In Picton we stopped into the Bean Counter several times for Coffee and sweets. Amazing Maple Sticky Buns!! They also have a big selection of Gelato and Sorbets.

                            Ate at The Acoustic Grill in Picton one evening for a quick bite. Place was packed. They specialize in Burgers mostly. Husband said the burger was actually really good. I had a chicken burger which was good and healthy (surprisingly)

                            We ate at Portobella for Lunch one day. Definitely descent. Had a Chicken Wrap which wasn't what I expected, but better.. was basically stir fry in a wrap.

                            We ate at Blumen Garden one evening (make reservations beforehand as they where booked out) We enjoyed it. Steak Tartar to start, first for me, husband normal hates it but went for it and said it was the best he has tried (but overall, we just aren't tartar fans). I had the Duck which was really good (and I don't normally like duck) he had the Rabbit Gnocchi. HUGE portion.. huge. Usually gnocchi comes as a small serving as its so filling. This could feed two, if not three people. There was a lot of meat on it. Husband liked it. I tried it and thought it was ok.. found it wasn't as flavorful as I would like. We went for dessert (as full as we were) where I had the Lindt mouse (light) and was really good, he had house made Rhurbarb sorbet which was excellent. All washed down with a bottle of Karlo Cab Sauv. Very good price for a good dinner. Would recommend trying this place out.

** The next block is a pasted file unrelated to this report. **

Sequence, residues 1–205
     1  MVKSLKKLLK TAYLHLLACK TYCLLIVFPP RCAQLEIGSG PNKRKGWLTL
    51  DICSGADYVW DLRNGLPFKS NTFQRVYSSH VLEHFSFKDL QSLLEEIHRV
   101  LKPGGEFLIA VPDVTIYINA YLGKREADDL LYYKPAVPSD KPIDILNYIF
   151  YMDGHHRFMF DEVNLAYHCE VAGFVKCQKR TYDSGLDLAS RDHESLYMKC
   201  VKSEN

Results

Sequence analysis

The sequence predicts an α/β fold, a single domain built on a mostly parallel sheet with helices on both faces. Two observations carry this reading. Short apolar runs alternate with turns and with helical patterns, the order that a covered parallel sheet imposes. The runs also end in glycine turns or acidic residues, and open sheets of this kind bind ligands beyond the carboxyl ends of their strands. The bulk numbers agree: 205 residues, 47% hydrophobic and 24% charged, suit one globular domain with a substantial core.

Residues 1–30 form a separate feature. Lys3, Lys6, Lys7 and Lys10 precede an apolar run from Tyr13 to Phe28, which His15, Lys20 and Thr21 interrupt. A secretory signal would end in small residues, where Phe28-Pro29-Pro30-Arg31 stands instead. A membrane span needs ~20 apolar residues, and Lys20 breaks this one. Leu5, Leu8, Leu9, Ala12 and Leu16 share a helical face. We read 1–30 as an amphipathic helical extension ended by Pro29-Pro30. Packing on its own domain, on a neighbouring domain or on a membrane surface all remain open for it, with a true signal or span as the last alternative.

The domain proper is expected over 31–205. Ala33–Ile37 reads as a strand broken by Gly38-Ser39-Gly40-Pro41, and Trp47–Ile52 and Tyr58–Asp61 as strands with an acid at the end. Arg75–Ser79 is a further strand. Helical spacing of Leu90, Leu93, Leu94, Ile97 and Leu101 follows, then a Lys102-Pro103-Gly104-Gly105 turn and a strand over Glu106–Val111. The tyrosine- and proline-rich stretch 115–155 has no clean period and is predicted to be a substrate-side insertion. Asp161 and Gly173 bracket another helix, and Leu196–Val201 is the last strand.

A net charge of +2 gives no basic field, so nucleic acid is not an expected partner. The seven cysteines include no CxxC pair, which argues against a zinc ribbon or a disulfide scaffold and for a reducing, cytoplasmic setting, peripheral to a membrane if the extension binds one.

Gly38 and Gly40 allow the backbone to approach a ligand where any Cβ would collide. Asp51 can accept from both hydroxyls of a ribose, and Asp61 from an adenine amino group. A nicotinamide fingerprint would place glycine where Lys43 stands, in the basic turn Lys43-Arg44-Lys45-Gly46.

Sunday we went to Norm Hardie for Pizza. Husbands pizza I did not like at all (can't remember the name but had sausage and onions on it.. was bland and greasy) I had the pizza with Anchovies and it was excellent. Tried a glass of wine each which was descent. Went to go purchase a few but their wines are pricey for what they are. $40 for Pinot Noir which was just descent.. not worth it so we did not get it. Cheapest was a white at $20 I believe.